Samuel Collings, Amelia Donkor, and Gareth Watkins in The City And The Town

When two estranged brothers are reunited on the morning of their father’s funeral, the friction is much more than simply fraternal as it bottles over into class and political divide in this new play by Anders Lustgarten.

Placed entirely in the grimy front room of their dad’s flat – littered with motorbike parts and take away boxes as illness constrained his movements – The City And The Town reaches back into their childhood and out in to the world around them.

One brother – Ben – had all the chances, a place at university, leaving a tired and tiring northern town for life as a London lawyer; the other – Magnus – left behind, much like the town’s economy, caring for his dad and struggling to find a place for himself both literally and metaphorically.

So far, so much cliché, but where Lustgarten’s play takes a different direction is that the dutiful son is no angel: his disaffection draws him to far right extremism. But Magnus is also no thug; he is witty, intelligent, emotionally literate. He just happens to be a recruiter for an unnamed nationalist organisation.

Drawn into the middle through events is Lyndsey, one time girlfriend of Ben and his intellectual equal but who never went to university and stayed in the town, trying to make and do her best. As the full circumstances are unveiled, she pivots uncomfortably between the smug liberalism of Ben and the hideous if, for her, more comprehensible racism, sexism and nationalism of Magnus.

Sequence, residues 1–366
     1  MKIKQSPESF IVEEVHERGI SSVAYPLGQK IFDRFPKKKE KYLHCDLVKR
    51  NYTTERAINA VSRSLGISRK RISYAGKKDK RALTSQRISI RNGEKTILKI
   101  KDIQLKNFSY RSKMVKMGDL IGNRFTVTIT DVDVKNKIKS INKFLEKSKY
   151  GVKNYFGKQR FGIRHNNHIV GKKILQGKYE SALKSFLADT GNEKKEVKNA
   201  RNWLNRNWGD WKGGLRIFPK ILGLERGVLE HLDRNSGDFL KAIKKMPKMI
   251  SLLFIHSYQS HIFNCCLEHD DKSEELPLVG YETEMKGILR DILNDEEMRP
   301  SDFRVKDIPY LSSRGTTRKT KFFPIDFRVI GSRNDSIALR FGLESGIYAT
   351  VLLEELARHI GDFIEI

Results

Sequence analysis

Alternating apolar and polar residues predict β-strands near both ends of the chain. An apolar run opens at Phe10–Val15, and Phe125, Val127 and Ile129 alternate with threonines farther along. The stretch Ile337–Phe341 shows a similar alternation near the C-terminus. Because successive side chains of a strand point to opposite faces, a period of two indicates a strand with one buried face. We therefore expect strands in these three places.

There are not many theatrics in Dritëro Kasapi’s direction: one bleak piece of physical comedy aside this is a play of words and ideas more than movement. It is instead left to the cast to bring things to life, and Gareth Watkins as Magnus makes his physical imposing character likeable and approachable, and his timing with Samuel Collings (Ben) is spot on.

Amelia Donkor (Lyndsey) is only present for the second act but makes her presence felt, quickly bringing an emotional depth to her character.

The dialogue is very funny, with a mix of sharp and stupid jokes, and the propensity to sweep you along. It feels shorter than its near two-hour run time.

There is always a risk with political pieces that they fall into easy stereotype and there is a whiff of this here at times: the father as the honourable working man; the “elites in leather armchairs swigging Courvosier”.

Thankfully though there is generally more depth and nuance here, with an awareness that the failures of the political left and right have many causes and many consequences.

  • The City And The Town continues at Norwich Playhouse until Saturday, March 11 2023